Last Saturday, I had the pleasure of attending Rwanda Cultural Day in San Francisco, along with 2,000 other folks, most of whom were Rwandan. This was the 8th Rwanda Day, the fourth time it was in the US and the first time that it focused on culture. Key values of Rwanda culture are dignity, the centricity of the family, and self-reliance. These values were expressed in play, dance, and speeches by various dignitaries, including President Paul Kagame.
To the extent that Rwanda Day is a proxy for the spirit that embodies Rwandan society at present, the nation looks confident, proud, adores its president Paul Kagame, and is a devoutly Christian nation with a strong work ethic. Among the “Friends of Rwanda” who spoke, were pastor Rick Warren of Saddleback Church, and Michael Fairbanks, a businessman, philanthropist, and senior advisor to the president.
The common thread among the speakers was their admiration for Kagame and what he has done since the end of the genocide to grow Rwanda into a model of good governance for other emerging economies to emulate. As an American, the unconditional adoration bestowed upon an elected official almost felt a bit uncomfortable, but perhaps Kagame really did work a miracle and deserves deity status.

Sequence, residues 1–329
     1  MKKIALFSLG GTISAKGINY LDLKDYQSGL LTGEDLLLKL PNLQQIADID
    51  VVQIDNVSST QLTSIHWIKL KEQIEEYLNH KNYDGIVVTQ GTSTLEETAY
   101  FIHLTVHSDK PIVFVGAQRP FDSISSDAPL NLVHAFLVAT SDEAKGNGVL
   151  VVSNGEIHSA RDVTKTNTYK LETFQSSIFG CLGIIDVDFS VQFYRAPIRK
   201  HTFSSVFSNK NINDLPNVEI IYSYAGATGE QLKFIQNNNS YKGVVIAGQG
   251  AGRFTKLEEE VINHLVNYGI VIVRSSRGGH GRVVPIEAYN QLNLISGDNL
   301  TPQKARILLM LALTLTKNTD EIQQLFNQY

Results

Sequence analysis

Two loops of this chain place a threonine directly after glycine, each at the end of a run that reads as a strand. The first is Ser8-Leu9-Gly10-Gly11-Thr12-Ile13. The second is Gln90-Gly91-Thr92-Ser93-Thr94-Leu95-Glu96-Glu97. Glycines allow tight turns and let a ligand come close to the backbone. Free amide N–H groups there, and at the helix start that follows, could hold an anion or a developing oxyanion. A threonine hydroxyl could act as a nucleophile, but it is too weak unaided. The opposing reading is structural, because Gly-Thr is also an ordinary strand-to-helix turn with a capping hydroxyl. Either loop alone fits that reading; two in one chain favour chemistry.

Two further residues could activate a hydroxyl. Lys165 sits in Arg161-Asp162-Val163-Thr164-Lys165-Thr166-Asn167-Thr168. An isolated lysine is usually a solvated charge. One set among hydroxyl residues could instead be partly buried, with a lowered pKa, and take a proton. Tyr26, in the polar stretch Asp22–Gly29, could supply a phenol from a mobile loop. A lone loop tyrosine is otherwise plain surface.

Besides the cultural and political experience, there was of course plenty of opportunity to walk the halls and meet interesting Rwandan business people, officials, and foreigners doing business in Rwanda and beyond. Several entrepreneurs in the fintech space were present, as well as real estate developers, banks, agricultural producers, and trade promoters.
While we do have some exposure to the Rwandan economy through our investments in regional banking groups I&M Holdings and KCB Group, there are, unfortunately, very few Rwandan equities and bonds for us to look at (yet). There are seven stocks that trade on the Rwanda Stock Exchange, four of which are Kenyan companies. However, the CEO of the Rwanda Stock Exchange assured me that will change. They are even looking at products that would allow foreigners to invest on the Rwanda exchange and hedge out the currency risk. Rwanda also allows foreigners to buy treasury securities, which can be attractive when yields are high and inflation outlook is modest, as an alternative to stocks when prices or liquidity issues don’t warrant current investment.
I left the event with a feeling that I had a better understanding of Rwanda and that the glass there is half full, rather than half empty. I look forward to doing business in-country to the benefit of Africa Capital Group’s investors and have planted some new seeds that I believe will sprout into meaningful local relationships.
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